I was amused to see Eugene Gant's "Chinaman" piece
decorated with a picture of one of Eric Liu's books.
Way back in 1998 I reviewed
Liu's first book The Accidental Asian
. From my review:
This is the second autobiography I have read recently. The other was Crossing the Line, by Alvin Kernan, an account of the author's service in the U.S. Navy during WW2, after growing up on a remote ranch in Wyoming. His book and Eric Liu's have some things in common. They are both decently well written (though Mr Liu has a regrettable tendency to lapse into Creative Writing: "I am bathed in yellow light …" yada yada). Both stop in the author's twenties: Kernan's because that is the end of the part of his life that he judges other people might find interesting, Mr Liu because that is as far as he's got — no doubt he will have much, much more to tell us as soon as he has finished law school. Yet two books more different in spirit could hardly be imagined. Kernan endured much and saw great horrors. Liu has endured little out of the ordinary, and seen less.That is not his fault, and in fact he seems to me a likeable guy, with whom I should not mind spending some time — half an hour, perhaps. It is just that we live in an age when the sterner virtues are not much called for, and hedonism and narcissism, and the stirring up of rancor over imagined grievances, and the parading of manufactured emotions and try-it-out "lifestyles," and all the vapid babble of fashion and celebrity and "cool" and "identity" are what fill the marketplace. This is depressing for those of us who think that life is a serious business, that words have meanings and ideas matter, but it is bonanza time for people like Eric Liu. He will be a very successful lawyer.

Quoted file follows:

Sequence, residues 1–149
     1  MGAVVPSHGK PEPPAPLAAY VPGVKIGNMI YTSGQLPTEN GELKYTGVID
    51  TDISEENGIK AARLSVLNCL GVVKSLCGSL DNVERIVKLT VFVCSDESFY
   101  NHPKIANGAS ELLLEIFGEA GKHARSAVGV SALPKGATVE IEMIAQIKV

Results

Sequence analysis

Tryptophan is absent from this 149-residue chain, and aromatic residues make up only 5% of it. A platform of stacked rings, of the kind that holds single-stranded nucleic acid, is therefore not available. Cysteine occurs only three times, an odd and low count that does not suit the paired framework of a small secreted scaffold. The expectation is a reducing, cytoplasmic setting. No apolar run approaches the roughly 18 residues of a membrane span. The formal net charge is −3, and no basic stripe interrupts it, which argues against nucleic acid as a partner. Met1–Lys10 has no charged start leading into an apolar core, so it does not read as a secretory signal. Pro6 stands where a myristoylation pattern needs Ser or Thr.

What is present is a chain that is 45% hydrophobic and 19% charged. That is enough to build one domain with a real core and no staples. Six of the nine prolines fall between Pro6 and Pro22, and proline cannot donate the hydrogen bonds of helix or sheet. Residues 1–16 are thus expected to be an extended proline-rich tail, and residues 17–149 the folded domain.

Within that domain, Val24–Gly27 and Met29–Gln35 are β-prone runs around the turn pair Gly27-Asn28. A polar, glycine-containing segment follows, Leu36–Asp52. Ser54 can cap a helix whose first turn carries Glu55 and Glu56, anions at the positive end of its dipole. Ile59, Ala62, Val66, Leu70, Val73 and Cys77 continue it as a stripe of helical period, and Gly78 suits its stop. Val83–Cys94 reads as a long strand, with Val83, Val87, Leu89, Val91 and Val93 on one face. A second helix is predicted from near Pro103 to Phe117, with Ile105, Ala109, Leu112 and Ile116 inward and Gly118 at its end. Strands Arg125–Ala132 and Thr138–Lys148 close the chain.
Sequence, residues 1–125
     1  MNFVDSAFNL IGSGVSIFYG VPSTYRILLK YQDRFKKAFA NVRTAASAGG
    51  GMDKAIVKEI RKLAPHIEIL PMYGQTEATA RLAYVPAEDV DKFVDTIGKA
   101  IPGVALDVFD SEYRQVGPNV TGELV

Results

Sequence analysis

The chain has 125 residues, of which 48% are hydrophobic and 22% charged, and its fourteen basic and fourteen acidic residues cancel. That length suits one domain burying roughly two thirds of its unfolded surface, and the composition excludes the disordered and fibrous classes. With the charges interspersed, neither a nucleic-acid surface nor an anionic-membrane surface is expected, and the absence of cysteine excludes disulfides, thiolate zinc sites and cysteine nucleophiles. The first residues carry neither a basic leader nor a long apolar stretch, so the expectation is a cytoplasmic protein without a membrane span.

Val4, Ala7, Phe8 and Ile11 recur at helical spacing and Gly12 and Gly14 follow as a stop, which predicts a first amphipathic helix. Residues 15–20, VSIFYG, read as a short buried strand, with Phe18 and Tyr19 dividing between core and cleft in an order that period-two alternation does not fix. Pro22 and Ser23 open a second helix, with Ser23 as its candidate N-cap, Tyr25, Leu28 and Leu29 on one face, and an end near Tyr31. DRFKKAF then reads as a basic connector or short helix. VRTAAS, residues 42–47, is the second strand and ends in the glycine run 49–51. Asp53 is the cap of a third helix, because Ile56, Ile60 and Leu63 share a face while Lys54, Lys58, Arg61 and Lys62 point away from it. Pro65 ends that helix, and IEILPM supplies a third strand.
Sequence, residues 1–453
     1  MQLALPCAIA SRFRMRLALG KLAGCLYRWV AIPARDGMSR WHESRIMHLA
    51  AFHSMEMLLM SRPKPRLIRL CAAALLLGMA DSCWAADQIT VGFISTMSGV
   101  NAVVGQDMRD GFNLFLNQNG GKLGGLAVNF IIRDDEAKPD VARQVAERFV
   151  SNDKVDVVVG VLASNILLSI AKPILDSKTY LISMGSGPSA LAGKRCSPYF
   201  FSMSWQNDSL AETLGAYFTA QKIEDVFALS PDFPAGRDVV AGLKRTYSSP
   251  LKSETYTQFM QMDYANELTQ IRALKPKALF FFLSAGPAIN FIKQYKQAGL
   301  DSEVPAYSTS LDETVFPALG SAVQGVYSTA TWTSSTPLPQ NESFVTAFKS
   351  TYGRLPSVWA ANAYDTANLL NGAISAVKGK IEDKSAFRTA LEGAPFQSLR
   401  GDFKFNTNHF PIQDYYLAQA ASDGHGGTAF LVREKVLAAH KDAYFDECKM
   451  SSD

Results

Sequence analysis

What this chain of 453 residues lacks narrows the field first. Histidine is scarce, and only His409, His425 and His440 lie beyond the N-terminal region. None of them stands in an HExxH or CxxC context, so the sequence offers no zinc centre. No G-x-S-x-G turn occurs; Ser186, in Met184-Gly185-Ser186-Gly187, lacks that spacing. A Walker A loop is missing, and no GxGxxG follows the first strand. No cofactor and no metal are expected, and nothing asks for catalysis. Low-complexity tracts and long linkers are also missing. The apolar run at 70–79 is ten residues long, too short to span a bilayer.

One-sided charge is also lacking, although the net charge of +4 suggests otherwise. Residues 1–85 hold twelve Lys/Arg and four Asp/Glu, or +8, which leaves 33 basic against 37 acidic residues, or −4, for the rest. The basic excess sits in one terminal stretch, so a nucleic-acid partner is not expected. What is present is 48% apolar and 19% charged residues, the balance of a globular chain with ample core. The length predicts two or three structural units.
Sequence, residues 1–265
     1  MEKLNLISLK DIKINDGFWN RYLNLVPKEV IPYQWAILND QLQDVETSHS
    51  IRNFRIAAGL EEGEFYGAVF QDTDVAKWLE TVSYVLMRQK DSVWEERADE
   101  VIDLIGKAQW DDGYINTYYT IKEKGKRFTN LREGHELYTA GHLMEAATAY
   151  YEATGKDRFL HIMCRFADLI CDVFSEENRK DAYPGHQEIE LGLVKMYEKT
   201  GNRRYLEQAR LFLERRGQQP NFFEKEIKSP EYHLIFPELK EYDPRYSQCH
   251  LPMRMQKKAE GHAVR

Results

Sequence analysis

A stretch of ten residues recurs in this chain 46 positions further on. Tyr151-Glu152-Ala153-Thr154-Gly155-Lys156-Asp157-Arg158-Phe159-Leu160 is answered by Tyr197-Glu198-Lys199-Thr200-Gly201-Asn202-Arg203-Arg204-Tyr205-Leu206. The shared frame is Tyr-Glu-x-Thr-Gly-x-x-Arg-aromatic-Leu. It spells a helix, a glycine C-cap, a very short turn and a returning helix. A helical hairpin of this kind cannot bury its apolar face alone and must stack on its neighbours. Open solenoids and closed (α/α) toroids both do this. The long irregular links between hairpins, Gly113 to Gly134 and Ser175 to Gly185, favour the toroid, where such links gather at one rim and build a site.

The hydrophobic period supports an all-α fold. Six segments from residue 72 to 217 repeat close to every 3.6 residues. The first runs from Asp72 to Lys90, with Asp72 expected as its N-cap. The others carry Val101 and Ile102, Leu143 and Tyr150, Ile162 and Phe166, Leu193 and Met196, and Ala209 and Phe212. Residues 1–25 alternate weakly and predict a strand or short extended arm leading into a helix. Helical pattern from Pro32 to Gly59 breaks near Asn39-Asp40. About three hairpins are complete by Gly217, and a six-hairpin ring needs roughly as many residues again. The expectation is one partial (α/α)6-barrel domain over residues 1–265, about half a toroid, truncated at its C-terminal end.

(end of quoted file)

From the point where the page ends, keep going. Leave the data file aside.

In fact Liu did not pursue lawyering as a career, continuing on the path of race-grievance entrepreneurship instead.
To judge from his Amazon page
, Liu seems to divide his time between opinionating as a sort of Chinese Ta-Nehisi Coates—a choppety-chop counterpoint to Coates' blackety-black, as it were—and writing motivational books for airport bookstalls.
Good luck to him. The U.S.A. has far too many lawyers already.